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Programming Microsoft® Windows® CE, Second Edition
Author Douglas Boling
Pages 1040
Disk 2 Companion CD(s)
Level All Levels
Published 06/13/2001
ISBN 9780735614437
ISBN-10 0-7356-1443-1
Price(USD) $59.99
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Chapter 15: Extending the Pocket PC continued

Writing a Custom Today Screen Item

The Today screen is the home page of the Pocket PC. It’s automatically displayed after the system isn’t used for a predetermined period of time. It contains a snapshot of the relevant data from the applications bundled with the Pocket PC. By using a simple DLL, you can extend the Today screen to allow other applications to summarize their data or to allow stand-alone Today screen inserts that provide data only through the Today screen. Figure 15-1 shows the Today screen with five items: the Today title bar, the Owner Info item, the Tasks item, the Inbox item, and the Calendar item.

Today screen items are implemented as simple Windows CE DLLs with two predefined entry points. The system finds the extensions by looking under a specific registry key. It then loads the DLL, asks the item its desired height, and asks it to display its data. The Today Control Panel applet allows users to selectively enable and disable individual items as well as set the order of the items on the Today screen. The user can also configure an individual item through the Today Control Panel applet. When the user selects an item from a list of all the Today screen items and taps the Options button, the item’s DLL is loaded and a dialog box is created by using a dialog box procedure exported from the DLL. This dialog box is created using resources stored in the DLL.

Click to view graphic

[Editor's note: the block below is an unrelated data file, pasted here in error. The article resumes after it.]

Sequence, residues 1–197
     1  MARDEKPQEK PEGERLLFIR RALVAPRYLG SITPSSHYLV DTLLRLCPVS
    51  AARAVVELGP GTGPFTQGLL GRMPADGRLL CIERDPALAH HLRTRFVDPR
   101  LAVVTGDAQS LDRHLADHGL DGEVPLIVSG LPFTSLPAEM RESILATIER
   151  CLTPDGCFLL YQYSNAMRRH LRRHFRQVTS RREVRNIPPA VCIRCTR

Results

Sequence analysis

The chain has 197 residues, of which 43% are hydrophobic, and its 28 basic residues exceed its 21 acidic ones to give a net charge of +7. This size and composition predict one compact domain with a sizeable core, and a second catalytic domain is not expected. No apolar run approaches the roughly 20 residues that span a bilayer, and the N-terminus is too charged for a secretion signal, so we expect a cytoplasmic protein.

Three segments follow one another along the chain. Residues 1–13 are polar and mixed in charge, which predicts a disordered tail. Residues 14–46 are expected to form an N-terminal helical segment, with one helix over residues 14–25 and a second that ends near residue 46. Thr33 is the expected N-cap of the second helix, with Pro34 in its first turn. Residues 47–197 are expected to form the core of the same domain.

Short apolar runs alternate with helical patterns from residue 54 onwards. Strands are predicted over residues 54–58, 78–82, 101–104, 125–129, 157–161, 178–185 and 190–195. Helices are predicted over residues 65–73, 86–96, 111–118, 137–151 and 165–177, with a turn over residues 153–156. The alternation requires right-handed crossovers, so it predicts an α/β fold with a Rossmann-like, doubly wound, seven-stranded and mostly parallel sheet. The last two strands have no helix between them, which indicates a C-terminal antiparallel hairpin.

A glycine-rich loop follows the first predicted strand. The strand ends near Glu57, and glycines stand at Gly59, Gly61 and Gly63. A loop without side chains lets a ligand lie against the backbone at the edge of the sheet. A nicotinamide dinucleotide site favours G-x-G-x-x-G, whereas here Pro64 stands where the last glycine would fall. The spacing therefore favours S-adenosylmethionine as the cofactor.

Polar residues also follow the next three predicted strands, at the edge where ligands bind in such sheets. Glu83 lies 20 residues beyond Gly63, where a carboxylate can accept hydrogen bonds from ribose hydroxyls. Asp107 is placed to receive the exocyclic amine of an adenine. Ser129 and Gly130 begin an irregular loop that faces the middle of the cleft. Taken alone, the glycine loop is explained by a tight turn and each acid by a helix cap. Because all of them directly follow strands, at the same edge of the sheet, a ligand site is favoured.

Click to view graphic

Figure 15-1 The Pocket PC Today screen

Creating a Today Screen Item DLL

The requirements for a Today screen item DLL start with an exported entry point, InitializeCustomItem, which must be exported as ordinal 240. The DLL can also optionally support a configuration dialog box. If it does, the DLL must export another entry point, CustomItemOptionsDlgProc, at ordinal 241, which is used as the dialog box procedure for the options dialog. In addition, the resource for the options dialog must be included in the DLL’s resource and have a resource ID of ID_TODAY_CUSTOM.

The InitializeCustomItem function is prototyped as

HWND APIENTRY InitializeCustomItem (TODAYLISTITEM *ptli, HWND hwndParent);

The first parameter is a pointer to a TODAYLISTITEM structure; the second parameter is the handle of a window that will be the parent of the item window created by the extension. Because the TODAYLISTITEM structure is used throughout the Today screen interface, this is as good a place as any to describe it. Many of the fields in this structure might not be useful or even relevant in this call. However, the structure tends to be passed back to the DLL on almost every call, so most of the fields are used at some time in the life of the DLL. The structure is defined as

typedef struct _TODAYLISTITEM {
    DWORD dwOrder;
    DWORD cyp;
    BOOL fEnabled;
    BOOL fOptions;
    DWORD grfFlags;
    HWND hwndCustom;
    BOOL fSizeOnDraw;
    BYTE *prgbCachedData;
    DWORD cbCachedData;

When InitializeCustomItem is called, the szName field is filled with the name of the registry key that identified the item. This name is handy for finding the item’s registry key to retrieve custom data. The second field is tlit, a TODAYLISTITEMTYPE enumeration that defines the type of extension. For custom extensions this field will always be tlitCustom. The dwOrder field will be set to the order index of this item. The cyp field contains the height of the item in pixels. Items are ordered from the lowest to the highest value starting at the top of the Today screen. The user controls the order through the Control Panel applet. For most situations, an extension’s order in the Today window shouldn’t affect the extension’s behavior.

The fEnabled field indicates whether the user has enabled your Today item in the Control Panel. This field should be queried when InitializeCustomItem is called; if it is 0, you should return immediately with a return code of 0. The fOptions flag reflects whether the Today item has an options dialog. This flag is taken from the registry entry for this item.

Let’s skip the grfFlags field for a moment. The szDLLPath field contains the filename of the DLL that contains the code for the item. The hinstDLL field is the DLL’s instance handle. The hwndCustom field will contain the handle of the item’s child window when this structure is passed after the item’s child window has been created. The Today screen item manager uses the fSizeOnDraw field internally.